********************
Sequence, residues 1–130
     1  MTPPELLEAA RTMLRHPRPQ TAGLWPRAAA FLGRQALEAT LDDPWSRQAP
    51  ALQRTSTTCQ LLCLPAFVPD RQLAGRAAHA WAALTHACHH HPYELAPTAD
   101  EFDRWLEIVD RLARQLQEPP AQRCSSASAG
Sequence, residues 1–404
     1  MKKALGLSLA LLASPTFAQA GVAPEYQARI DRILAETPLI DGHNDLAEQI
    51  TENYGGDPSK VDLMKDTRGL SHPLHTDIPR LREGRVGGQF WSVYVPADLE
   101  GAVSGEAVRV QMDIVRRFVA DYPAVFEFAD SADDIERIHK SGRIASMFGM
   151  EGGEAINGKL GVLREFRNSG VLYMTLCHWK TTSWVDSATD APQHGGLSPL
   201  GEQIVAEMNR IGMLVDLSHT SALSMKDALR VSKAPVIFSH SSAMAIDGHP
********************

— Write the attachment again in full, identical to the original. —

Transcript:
Sequence, residues 1–130
     1  MTPPELLEAA RTMLRHPRPQ TAGLWPRAAA FLGRQALEAT LDDPWSRQAP
    51  ALQRTSTTCQ LLCLPAFVPD RQLAGRAAHA WAALTHACHH HPYELAPTAD
   101  EFDRWLEIVD RLARQLQEPP AQRCSSASAG
Sequence, residues 1–404
     1  MKKALGLSLA LLASPTFAQA GVAPEYQARI DRILAETPLI DGHNDLAEQI
    51  TENYGGDPSK VDLMKDTRGL SHPLHTDIPR LREGRVGGQF WSVYVPADLE
   101  GAVSGEAVRV QMDIVRRFVA DYPAVFEFAD SADDIERIHK SGRIASMFGM
   151  EGGEAINGKL GVLREFRNSG VLYMTLCHWK TTSWVDSATD APQHGGLSPL
   201  GEQIVAEMNR IGMLVDLSHT SALSMKDALR VSKAPVIFSH SSAMAIDGHP